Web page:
REVIEW: Robin Hood

Not feeling well today, I opted for a movie.

I went to Robin Hood.

I wish I had stayed home.

This movie is really bad.

Just when you thought it couldn’t get worse… it did.

The credits are still rolling. Get me out of here.

If I had a gun to my head to find something positive… some of the music was okay. Of course modern effects can do amazing things.  Some characters were fine. There were some interesting animation effects in the credits… like paintings… interesting. But it was a long wait to get to this point.

UPDATE 15 May 1357 GMT:

The Catholic Herald’s review.

About Fr. John Zuhlsdorf

Fr. Z is the guy who runs this blog. o{]:¬)
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  1. Charles E Flynn says:

    No one who enjoys movies is likely to agree with any one critic all of the time, but Steven D. Greydanus has a gift for movie criticism:

  2. LouiseA says:

    Before going to see a movie, I always check it out on this site:

  3. B.C.M. says:

    I could have told you that it looked like the worst film in theatres right now. I like historical films, and I can abide some license… But this film just LOOKS wretched.

  4. janek3615 says:

    Thank you for posting these reviews. I usually like Russell Crowe and might have spent money on this bomb.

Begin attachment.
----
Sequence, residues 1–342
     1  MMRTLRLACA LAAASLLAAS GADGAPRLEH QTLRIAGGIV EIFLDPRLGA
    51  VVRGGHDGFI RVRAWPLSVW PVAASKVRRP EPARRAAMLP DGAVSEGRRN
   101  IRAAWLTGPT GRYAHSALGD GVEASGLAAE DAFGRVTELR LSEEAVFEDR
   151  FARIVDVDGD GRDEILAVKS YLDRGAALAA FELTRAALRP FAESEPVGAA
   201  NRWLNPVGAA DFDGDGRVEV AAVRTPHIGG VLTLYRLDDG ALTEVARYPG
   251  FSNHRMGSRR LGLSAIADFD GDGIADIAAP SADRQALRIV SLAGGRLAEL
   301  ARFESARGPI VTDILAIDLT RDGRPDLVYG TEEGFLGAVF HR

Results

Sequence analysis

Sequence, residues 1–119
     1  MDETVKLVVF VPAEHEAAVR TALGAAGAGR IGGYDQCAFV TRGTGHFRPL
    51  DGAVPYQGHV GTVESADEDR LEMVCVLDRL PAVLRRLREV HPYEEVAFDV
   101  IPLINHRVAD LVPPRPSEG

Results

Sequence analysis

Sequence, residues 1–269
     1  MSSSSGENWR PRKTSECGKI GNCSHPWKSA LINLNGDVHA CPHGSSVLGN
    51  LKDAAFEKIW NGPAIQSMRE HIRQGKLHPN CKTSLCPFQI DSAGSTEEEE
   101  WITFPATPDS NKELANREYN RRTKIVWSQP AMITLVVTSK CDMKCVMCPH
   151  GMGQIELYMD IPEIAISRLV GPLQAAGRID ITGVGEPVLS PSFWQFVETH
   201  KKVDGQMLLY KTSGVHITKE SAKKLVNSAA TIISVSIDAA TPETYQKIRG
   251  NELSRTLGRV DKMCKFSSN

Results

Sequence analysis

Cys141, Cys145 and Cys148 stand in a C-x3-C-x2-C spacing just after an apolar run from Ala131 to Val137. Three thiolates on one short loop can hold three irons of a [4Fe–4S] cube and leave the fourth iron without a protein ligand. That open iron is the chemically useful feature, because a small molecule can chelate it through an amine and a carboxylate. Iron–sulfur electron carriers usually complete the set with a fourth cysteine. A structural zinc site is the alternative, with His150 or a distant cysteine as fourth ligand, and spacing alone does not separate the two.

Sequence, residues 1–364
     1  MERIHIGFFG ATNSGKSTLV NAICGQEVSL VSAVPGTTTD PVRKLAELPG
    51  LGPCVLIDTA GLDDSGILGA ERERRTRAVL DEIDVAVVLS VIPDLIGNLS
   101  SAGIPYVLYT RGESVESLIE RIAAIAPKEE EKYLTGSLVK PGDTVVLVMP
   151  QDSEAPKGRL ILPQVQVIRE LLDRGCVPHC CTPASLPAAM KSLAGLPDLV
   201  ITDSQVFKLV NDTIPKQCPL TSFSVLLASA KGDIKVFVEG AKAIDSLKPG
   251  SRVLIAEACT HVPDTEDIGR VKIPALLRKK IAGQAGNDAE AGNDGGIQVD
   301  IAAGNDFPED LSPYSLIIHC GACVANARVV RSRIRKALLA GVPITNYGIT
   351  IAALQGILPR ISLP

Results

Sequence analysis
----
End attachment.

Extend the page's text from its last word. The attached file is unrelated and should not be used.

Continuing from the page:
5. seanl says:

    The fact that it was Russell Crowe and Ridley Scott together again gave me hope. But now I don’t think I want to see it. I had thoughts it might go the way of Troy.

  6. Jack Hughes says:

    thanks for the warning

  7. Rachel says:

    I was already going to avoid this movie. Russell Crowe looked far too ponderous and gloomy to play the light-hearted, light-footed Robin Hood. Now I’m doubly glad I won’t waste the money. Thanks for the links, Charles!

    Here’s the Errol Flynn classic Robin Hood in 5 seconds:

  8. I agree with Rachel, Father, the Erroll Morris version is quite good. The music is by one Erich Wolfgang Korngold, an acknowledged master in the world of film composition as well as classical music.

    The Disney version of the story also isn’t bad. The great Peter Ustinov provides the voice of Prince John.

  9. sejoga says:

    I was going to go see this as I’m the world’s biggest Cate Blanchett fanboy, but I’ve heard so many negative things about it I began to waver, and this post is pretty much the nail in the coffin.

    Thanks, Father, for saving me 10-ish bucks.

  10. Maltese says:

    Ridley Scott is, next to Mel Gibson, the most brilliant and original director in Hollywood. I loved his White Squal, as would all those who like the book, “Master and Commander”:

    Gladiator was amazing as well. I haven’t seen his “Robin Hood” yet, but gives me hope I will like it. My 12 year old son and I shall see it and cheer!

  11. Margaret says:

    I am so disappointed. I had high hopes for the Crowe/Scott team to be the ones to finally do the first decent Robin Hood since Errol Flynn (which was silly, but loads of fun at least.) Dang.

  12. RichardT says:

    Russell Crowe apparently left in a sulk halfway through a BBC interview, after being questioned repeatedly about the accent he used for Robin Hood.

    But then Kevin Costner couldn’t do an English accent for Robin Hood either, and his version was hilarious (except I suspect Costner never saw the joke).